One of the best known residents of Massachusetts who is no longer in government, Barney Frank, responded like this:
"Let's be very grateful that we had a well-funded, functioning government...It is very fashionable in America and has been for some time to criticize government, belittle public employees, talk about their pensions, talk about what people think is their excessive health care, here we saw government in two ways perform very well...You know, I never was as a member of Congress, one of the cheerleaders for less government, lower taxes. No tax cut would have helped us deal with this — or will help us recover. This is very expensive."
"We're not asking people, 'Do you have have private health insurance or not? Can you afford this or not?' Maybe the government is going to have to pay for it. And this is an example of why we need — if we want to be a civilized people — to put some of our resources into a common pool so we are able to deal with this. And to deal with it, you can't simply be responsive once it happens...this is a terrible day for our society, but a day when I hope people will understand the centrality of having a government in place with the resources...At a time like this, no one thinks about saving pennies. But going forward, I hope people aren't going to think, you spent these tens and tens of millions of dollars — that would probably be a low estimate — let's just take that out of everything we have going forward. This is an example of why we need to provide the resources for our common good."
Barney never pulled his punches even when he was in Congress. No reason he should start now.
Meanwhile, Charles Pierce of Esquire wrote a proud defense of the people and the government in this most liberal of states in The Politics Blog:
I can speak for a great number of people up here when I tell you that we're just a little tired of being used as a heavy-bag workout for every third-rate radio gasbag, every shoeless Bible-banging preacher, and every pecker-wood politician from hell to breakfast just because we have good public schools, decent public parks, and places we all can walk for free in the woods or by the sea, and a semblance of a decent health-care system. (Thanks again, Mitt!) We are tired of apologizing for having public servants and first-responders who make a decent wage and who work for us, and not for Fire Departments, Inc. in Tennessee. Not only that, but Michael Dukakis is a good and decent man and the country would be better off if it listened to him about high-speed rail.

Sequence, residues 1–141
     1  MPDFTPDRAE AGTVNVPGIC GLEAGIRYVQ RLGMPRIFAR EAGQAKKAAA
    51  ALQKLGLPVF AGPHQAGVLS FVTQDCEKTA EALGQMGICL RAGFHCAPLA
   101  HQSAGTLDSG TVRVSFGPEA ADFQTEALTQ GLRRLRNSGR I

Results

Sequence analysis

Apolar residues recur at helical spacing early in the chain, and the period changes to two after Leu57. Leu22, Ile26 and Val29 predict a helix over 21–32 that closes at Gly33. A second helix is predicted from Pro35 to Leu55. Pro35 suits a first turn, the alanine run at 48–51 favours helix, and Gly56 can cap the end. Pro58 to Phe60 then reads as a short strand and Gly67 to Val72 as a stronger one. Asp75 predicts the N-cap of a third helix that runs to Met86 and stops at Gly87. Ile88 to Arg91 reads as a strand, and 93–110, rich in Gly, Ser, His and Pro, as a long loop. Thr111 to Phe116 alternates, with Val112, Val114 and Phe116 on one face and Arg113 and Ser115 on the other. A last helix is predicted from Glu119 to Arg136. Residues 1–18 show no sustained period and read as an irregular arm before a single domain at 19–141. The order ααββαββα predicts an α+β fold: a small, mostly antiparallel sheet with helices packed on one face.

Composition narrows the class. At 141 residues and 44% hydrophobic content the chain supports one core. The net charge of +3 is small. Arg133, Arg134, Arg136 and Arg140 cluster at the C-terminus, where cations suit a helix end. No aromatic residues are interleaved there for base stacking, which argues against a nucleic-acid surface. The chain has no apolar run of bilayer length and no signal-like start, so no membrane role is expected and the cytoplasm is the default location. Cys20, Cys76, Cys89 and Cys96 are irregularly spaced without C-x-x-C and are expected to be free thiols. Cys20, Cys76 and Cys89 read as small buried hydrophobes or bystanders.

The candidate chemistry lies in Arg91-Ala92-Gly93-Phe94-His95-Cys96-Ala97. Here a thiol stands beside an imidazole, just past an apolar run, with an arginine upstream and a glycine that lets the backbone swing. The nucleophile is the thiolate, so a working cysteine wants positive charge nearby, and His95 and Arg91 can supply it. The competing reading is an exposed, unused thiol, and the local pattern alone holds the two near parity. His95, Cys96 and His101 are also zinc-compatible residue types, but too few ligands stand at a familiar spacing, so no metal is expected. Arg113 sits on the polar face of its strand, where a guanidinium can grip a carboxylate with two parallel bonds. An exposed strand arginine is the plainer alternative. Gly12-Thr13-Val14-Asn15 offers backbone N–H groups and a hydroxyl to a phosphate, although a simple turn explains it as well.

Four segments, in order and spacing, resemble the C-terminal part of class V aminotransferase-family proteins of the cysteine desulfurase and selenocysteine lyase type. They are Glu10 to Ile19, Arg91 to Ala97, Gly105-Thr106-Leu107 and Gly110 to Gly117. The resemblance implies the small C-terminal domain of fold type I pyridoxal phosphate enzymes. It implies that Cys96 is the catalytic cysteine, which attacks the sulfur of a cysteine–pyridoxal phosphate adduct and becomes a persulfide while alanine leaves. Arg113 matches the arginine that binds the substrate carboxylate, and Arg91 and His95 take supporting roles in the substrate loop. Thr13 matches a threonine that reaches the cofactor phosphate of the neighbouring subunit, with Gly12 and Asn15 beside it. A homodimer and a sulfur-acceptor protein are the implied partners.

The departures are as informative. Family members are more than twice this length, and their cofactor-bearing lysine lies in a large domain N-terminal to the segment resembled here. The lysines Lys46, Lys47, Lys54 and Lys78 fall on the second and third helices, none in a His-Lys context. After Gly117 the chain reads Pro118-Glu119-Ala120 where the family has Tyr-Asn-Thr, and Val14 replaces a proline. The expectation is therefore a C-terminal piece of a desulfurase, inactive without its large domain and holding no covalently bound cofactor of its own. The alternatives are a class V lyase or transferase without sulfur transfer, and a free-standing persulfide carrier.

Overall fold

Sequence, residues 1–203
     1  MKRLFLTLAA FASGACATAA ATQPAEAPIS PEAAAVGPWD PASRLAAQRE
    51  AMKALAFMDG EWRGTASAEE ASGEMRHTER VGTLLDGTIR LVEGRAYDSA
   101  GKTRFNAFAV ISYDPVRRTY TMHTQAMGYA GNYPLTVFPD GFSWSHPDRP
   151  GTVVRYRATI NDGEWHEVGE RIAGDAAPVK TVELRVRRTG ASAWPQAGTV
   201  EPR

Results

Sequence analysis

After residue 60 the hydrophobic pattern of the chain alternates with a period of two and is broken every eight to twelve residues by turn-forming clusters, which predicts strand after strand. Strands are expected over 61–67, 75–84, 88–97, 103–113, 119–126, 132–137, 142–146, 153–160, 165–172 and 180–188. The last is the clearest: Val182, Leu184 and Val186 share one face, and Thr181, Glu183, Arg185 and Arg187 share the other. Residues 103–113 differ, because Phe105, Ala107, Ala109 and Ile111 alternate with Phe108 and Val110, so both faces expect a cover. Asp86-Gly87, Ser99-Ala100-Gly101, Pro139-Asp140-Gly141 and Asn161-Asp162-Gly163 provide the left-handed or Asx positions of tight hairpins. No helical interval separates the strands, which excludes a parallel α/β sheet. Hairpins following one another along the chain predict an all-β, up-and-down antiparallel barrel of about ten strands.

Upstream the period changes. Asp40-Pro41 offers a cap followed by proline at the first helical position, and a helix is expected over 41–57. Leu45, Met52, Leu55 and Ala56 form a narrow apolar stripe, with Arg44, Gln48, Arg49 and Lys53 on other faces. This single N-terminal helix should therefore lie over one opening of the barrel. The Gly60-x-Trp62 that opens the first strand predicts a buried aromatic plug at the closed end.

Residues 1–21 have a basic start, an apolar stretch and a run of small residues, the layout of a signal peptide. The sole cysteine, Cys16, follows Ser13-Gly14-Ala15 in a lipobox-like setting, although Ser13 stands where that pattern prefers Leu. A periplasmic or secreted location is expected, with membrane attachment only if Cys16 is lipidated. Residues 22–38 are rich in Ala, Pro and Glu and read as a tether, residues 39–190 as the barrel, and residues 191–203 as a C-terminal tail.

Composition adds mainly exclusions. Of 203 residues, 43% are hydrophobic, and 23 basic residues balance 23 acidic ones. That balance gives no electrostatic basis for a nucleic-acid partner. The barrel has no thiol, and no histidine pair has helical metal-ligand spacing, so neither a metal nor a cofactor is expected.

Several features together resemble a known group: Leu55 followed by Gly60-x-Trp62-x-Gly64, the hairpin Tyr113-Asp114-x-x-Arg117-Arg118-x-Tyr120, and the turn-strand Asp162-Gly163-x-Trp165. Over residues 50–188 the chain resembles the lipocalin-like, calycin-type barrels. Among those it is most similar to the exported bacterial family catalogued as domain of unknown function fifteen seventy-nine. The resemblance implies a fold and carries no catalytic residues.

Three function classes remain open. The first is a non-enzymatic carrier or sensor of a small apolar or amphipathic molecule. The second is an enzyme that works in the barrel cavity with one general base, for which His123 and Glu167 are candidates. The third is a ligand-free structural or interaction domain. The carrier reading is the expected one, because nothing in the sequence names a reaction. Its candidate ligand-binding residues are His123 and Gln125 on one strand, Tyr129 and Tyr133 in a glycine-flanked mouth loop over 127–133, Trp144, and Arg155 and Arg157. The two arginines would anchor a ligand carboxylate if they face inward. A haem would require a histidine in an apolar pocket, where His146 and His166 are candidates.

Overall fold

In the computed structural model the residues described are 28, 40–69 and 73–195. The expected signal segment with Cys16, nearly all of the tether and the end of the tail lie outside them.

We will not be embarrassed that we share these things in common just because, elsewhere, governors let children starve, and the sick get sicker, and preach of self-reliance while cashing checks from faceless millionaires. We will not be shamed by the yahoo creationism of the Louisiana public schools, or the cruel neglect of health-care in Texas, or the corporate chop-shop that is being created out of the state of Wisconsin these days. We will not feel slighted that there are more sweatshops elsewhere than there may be here. We will not join your race to the bottom. It has to stop somewhere. It might as well be here.
We mourn now, because what happened Monday is still too close in time. We grieve, because it was only yesterday that we learned the names of the dead. We grieve and we mourn and we do all these things because that is what citizens of a political commonwealth do at times like this. But there are limits to grief and there are limits to mourning. We will go back to being what we were before. We will return to our good public schools and our decent public parks. We will walk again for free in the woods and along the sea. We will place ourselves in the care of our decent health-care system. (Thanks again, Mitt!) We will pay again for our public servants and our first-responders, and some of them will game our systems, and we'll raise a great howl, and mock the suckers who got caught, but we will not be conned by the grifters who are trying to make a Mississippi of us all.
We are not what they think we are. We are not the myths they've made of us. We are what we are, the Commonwealth Of Massachusetts, God save it, goddammit.Yeah, what Barney and Charlie said. God save the Commonwealth. It provides a bright and shining example which the rest of us can only hope to follow and some day, in a more enlightened time, emulate.